Cortical Neurons Arise in Symmetric and Asymmetric Division Zones and Migrate Through Specific Phases

Nat Neurosci. 2004 Feb;7(2):136-44. doi: 10.1038/nn1172. Epub 2004 Jan 4.

Abstract

Precise patterns of cell division and migration are crucial to transform the neuroepithelium of the embryonic forebrain into the adult cerebral cortex. Using time-lapse imaging of clonal cells in rat cortex over several generations, we show here that neurons are generated in two proliferative zones by distinct patterns of division. Neurons arise directly from radial glial cells in the ventricular zone (VZ) and indirectly from intermediate progenitor cells in the subventricular zone (SVZ). Furthermore, newborn neurons do not migrate directly to the cortex; instead, most exhibit four distinct phases of migration, including a phase of retrograde movement toward the ventricle before migration to the cortical plate. These findings provide a comprehensive and new view of the dynamics of cortical neurogenesis and migration.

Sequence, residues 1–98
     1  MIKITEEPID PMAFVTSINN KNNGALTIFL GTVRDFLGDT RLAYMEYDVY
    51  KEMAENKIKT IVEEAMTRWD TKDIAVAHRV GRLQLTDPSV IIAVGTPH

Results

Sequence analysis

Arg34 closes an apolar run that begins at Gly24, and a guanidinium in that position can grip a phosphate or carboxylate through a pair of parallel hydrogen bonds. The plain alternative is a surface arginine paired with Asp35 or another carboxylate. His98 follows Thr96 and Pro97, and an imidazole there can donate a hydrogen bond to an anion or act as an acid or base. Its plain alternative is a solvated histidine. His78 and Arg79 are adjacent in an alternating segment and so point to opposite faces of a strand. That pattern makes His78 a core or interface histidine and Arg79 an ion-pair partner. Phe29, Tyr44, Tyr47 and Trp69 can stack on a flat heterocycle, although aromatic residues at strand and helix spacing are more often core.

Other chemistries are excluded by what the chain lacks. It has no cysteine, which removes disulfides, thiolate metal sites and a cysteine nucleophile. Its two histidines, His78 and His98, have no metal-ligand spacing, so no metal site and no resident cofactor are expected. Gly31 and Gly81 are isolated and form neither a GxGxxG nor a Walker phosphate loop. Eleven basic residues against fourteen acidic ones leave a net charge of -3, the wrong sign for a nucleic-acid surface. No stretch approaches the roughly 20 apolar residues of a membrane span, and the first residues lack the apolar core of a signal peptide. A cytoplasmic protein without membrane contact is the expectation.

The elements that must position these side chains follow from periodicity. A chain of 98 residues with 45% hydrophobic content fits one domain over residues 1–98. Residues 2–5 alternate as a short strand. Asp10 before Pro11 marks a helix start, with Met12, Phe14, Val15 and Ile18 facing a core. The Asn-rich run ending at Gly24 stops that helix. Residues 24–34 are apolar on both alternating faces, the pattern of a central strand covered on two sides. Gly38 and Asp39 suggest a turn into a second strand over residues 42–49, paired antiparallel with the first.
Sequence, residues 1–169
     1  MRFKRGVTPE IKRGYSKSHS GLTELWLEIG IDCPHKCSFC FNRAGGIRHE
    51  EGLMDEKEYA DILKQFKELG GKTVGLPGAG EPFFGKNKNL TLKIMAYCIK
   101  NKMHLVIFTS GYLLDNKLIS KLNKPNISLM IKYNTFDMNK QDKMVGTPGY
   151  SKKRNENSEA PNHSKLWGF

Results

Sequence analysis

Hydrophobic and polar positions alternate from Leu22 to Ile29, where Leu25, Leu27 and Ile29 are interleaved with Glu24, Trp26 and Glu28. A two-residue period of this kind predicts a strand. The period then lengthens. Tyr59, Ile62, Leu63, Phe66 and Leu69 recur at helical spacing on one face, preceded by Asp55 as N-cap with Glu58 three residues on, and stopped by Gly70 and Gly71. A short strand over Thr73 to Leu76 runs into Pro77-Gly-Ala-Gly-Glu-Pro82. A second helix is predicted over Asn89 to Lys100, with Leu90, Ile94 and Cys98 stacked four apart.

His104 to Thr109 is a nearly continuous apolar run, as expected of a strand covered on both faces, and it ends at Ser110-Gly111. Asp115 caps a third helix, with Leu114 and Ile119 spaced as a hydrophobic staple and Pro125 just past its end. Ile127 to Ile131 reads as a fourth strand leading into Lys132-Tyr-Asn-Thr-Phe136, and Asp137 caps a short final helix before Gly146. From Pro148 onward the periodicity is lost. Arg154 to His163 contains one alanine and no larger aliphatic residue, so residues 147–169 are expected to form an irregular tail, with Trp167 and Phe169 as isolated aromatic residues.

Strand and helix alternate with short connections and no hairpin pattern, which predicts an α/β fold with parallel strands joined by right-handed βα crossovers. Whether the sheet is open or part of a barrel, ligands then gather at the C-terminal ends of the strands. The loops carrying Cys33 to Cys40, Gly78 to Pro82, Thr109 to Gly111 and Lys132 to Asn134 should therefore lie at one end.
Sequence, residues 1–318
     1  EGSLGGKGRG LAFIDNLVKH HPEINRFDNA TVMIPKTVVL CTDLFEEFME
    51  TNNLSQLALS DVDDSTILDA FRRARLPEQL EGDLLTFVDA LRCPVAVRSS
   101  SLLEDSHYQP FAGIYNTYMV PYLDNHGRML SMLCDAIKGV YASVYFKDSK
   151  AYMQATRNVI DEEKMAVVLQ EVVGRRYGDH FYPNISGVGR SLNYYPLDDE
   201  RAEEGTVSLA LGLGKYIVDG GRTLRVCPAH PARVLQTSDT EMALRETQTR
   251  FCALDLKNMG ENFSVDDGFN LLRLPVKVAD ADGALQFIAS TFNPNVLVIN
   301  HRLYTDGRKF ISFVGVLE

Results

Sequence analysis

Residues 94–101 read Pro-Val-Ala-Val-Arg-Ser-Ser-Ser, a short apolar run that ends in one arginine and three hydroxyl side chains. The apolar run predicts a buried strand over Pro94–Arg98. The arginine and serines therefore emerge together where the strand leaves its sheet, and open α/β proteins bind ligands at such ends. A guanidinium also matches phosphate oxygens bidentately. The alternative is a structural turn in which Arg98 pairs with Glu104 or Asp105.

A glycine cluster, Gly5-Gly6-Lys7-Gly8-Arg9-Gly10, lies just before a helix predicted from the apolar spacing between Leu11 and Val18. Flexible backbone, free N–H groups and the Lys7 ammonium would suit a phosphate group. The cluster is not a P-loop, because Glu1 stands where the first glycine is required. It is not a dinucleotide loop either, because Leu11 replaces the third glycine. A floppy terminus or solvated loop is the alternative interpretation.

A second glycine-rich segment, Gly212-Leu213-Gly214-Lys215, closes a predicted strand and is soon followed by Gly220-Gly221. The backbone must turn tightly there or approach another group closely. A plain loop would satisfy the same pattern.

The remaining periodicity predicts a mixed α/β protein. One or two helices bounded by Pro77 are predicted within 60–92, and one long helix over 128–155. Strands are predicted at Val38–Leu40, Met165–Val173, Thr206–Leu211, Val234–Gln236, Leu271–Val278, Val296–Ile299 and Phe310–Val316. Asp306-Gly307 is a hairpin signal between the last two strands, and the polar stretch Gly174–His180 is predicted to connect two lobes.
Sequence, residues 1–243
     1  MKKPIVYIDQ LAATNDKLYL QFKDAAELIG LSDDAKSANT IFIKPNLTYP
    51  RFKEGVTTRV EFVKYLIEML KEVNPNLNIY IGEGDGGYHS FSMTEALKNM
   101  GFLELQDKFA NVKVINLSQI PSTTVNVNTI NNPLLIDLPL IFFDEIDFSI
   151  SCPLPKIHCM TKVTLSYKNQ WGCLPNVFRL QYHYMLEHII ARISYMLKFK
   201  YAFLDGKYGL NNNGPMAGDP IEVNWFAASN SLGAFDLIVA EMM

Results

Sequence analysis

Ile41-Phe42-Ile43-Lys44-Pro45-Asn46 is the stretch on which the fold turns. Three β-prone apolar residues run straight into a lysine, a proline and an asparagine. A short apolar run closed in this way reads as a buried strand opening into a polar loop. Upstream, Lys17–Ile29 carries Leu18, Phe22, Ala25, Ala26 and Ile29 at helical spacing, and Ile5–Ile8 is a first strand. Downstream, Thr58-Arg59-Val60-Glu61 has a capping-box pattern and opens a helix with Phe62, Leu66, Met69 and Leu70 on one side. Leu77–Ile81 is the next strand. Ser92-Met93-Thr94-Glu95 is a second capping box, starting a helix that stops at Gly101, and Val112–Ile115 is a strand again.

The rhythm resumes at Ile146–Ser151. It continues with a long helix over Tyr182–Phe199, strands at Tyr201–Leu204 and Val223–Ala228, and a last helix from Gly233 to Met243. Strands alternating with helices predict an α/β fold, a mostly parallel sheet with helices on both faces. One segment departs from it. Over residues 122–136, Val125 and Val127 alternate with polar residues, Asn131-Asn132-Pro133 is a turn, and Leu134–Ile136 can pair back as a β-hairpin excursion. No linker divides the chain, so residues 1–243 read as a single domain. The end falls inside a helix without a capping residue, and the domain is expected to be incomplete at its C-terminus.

Publication types

  • Research Support, U.S. Gov't, P.H.S.

MeSH terms

  • Animals
  • Cell Differentiation
  • Cell Movement / physiology*
  • Cerebral Cortex / embryology*
  • Embryo, Mammalian
  • Immunohistochemistry
  • Microscopy, Confocal
  • Neurons / cytology*
  • Neurons / physiology
  • Organ Culture Techniques
  • Patch-Clamp Techniques
  • Rats
  • Stem Cells / cytology*
  • Stem Cells / physiology